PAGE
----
This week my twins were thrilled by the experience of bottle feeding some baby lambs. Usually I’m the one in our family that gets rather excited by the sight of baby lambs in the English countryside. It just gives me that spring feeling and makes me think they just look right “In England’s green and pleasant Land” (quoting from William Blake’s poem). Indeed sheep are Britain’s oldest domestic animal, able to survive the harshest winters and trim our mountains, hills, moors and fields perfectly with their grazing.
But it’s not always easy for baby lambs. Some are orphaned or an ewe may not have enough milk if she’s had triplets or more. Some farmers have worked out cunning methods to get other ewes to foster lambs – even using perfume to disguise an orphan lamb.
Or you can get families to pay by lining up in a long queue and taking turns to bottle feed young lambs in a 17th century Sussex flint barn. My twins and I happily and willingly stood in this line.
In fact I think it’s important for my children to come into contact with farm animals and learn about the care they need. Moreover just bottle feeding a young lamb will give them a better understanding of compassion, responsibility as well as empathy for animals in the countryside.
We had been busy fossil hunting, rock pooling and walking on the East Sussex coast this week when we passed a large sign saying there were bottle feed times twice daily at the Seven Sisters Sheep Centre in East Dean. The next morning we joined the rows of cars parked in the field outside the entrance. We were in time for the morning bottle feed of the ‘orphan’ lambs. A poster explained why these young ones needed to be individually given milk. I’m not sure who was more excited the kids or the thirsty lambs!It’s actually a working sheep farm. It’s also been turned into an attraction as a family day out during the spring and summer seasons. Personally I view this as a win-win situation as it helps a farm survive while educating children about farm animals. As well as bottle feeding the baby lambs, the Seven Sisters sheep centre has a playground, a cafe and all sorts of animals to keep adults as well as children entertained. Luce and Theo insisted on going on the tractor ride. I soon learnt this meant a beautiful view of the South Downs but way too bumpy for taking photos.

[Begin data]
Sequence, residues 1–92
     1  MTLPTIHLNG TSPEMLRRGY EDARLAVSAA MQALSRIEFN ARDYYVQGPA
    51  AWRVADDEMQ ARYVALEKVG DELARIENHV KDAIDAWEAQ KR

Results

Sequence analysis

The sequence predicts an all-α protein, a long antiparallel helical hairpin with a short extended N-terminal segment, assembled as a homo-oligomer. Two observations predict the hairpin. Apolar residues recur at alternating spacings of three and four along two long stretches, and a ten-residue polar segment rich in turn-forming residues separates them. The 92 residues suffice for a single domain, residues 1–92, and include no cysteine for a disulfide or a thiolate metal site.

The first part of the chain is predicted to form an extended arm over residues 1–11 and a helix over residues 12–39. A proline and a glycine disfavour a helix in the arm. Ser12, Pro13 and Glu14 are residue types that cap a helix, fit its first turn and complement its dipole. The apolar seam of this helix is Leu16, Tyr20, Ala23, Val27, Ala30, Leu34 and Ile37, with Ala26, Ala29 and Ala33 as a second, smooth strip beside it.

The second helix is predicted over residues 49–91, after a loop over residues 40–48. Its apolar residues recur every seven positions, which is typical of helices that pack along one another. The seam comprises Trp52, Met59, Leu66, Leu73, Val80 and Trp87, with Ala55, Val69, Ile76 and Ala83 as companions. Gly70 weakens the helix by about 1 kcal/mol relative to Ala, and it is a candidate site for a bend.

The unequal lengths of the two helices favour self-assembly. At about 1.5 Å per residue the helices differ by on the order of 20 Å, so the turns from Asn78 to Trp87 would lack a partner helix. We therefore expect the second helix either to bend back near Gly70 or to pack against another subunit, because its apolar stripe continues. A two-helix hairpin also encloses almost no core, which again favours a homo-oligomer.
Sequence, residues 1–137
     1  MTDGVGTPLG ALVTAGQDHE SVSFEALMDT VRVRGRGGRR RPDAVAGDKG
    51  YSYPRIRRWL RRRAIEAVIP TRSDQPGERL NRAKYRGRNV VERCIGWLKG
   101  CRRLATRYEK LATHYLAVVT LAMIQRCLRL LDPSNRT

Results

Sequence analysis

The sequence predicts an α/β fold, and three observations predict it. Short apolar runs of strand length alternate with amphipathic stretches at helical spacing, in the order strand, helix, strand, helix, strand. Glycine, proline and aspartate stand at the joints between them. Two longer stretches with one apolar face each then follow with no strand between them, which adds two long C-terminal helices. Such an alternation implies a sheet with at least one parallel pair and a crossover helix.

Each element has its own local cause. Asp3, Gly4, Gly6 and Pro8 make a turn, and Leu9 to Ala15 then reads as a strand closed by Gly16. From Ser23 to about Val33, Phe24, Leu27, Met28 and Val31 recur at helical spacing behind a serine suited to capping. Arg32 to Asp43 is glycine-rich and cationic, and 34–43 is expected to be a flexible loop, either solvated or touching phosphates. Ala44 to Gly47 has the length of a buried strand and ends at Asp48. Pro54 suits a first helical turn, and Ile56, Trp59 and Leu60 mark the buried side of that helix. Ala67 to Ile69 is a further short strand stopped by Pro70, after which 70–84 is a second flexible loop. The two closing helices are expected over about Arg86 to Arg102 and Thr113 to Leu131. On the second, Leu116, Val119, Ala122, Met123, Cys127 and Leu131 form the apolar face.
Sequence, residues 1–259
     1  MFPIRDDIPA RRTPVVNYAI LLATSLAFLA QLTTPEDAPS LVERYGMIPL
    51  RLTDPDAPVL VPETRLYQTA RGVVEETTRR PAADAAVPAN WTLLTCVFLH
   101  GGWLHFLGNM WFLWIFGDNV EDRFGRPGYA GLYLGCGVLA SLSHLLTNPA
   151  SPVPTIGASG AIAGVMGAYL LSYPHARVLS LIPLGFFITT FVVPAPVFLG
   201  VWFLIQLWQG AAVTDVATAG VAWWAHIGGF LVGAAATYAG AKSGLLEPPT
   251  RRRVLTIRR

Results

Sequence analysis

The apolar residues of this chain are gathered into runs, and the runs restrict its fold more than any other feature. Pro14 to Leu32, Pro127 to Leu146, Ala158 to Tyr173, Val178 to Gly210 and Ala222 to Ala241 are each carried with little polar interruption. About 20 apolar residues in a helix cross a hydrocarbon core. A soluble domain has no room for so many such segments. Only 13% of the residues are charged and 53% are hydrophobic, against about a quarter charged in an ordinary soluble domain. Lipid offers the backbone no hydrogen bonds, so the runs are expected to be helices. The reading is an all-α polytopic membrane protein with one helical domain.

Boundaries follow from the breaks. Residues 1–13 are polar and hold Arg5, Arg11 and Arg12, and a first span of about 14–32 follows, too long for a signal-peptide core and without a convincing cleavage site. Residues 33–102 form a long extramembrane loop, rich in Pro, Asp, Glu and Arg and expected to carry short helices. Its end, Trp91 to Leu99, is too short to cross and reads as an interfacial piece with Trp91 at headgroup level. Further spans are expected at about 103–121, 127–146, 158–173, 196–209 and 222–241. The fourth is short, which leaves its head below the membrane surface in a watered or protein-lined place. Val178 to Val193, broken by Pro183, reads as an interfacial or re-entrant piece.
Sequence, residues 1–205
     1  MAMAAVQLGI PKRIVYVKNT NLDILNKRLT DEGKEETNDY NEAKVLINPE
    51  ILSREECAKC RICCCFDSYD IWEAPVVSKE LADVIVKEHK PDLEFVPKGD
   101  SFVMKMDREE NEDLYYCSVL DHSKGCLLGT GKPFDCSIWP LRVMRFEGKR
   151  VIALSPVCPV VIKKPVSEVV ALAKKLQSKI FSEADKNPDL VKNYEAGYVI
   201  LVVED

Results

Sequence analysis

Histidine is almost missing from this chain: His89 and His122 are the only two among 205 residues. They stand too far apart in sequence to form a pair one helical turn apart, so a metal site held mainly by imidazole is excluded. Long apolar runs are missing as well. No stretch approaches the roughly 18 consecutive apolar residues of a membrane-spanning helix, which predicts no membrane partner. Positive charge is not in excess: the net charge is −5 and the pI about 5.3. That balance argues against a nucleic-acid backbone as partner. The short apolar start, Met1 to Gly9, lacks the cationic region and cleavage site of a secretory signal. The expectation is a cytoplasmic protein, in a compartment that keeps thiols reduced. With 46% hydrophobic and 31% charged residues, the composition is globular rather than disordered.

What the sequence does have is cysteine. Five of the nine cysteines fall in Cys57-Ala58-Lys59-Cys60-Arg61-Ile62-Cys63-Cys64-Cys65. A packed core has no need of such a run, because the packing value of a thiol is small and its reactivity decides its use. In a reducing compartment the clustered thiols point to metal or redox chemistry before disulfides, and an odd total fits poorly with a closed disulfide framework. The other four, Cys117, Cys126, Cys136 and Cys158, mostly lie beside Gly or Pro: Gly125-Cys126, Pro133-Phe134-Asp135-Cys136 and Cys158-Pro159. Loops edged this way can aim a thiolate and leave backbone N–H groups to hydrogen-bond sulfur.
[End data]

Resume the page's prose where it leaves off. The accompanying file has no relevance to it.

There were also South American alpacas in the field and in a stable. Did you know that the British Alpaca Society has 1400 members representing 35,000 alpacas in the UK? Blake definitely wasn’t considering them when he wrote in the same poem “And did those feet in ancient time, Walk upon England’s mountains green.”
Everywhere the cute factor was in full mode. There were tiny baby lambs bonding with their mothers in individual pens. Even a piglet who was the runt of the litter slept alongside other newborn lambs in a pen with heat lamps. When we bought our tickets I also purchased little bags of feed. Later my son ran back to buy some more with his pocket money as he was so thrilled at feeding the sheep! The ewes in the pen outdoors were also rather eager for some more treats. You can find out more about the Seven Sisters Sheep Centre here.I regularly read and see the excitement on children’s faces when they participate in the animal feeds at Coombe Mill’s holiday farm in Cornwall. This week it was rather wonderful watching Luce and Theo interact with all the animals at this sheep farm.
So next spring I’ll once again be stopping at every chance to gaze at my idyllic view of the countryside when the baby lambs reappear. I won’t be surprised if Luce and Theo suggest we also find some orphan lambs to bottle feed so they’re fit and strong to mow England’s pastoral land.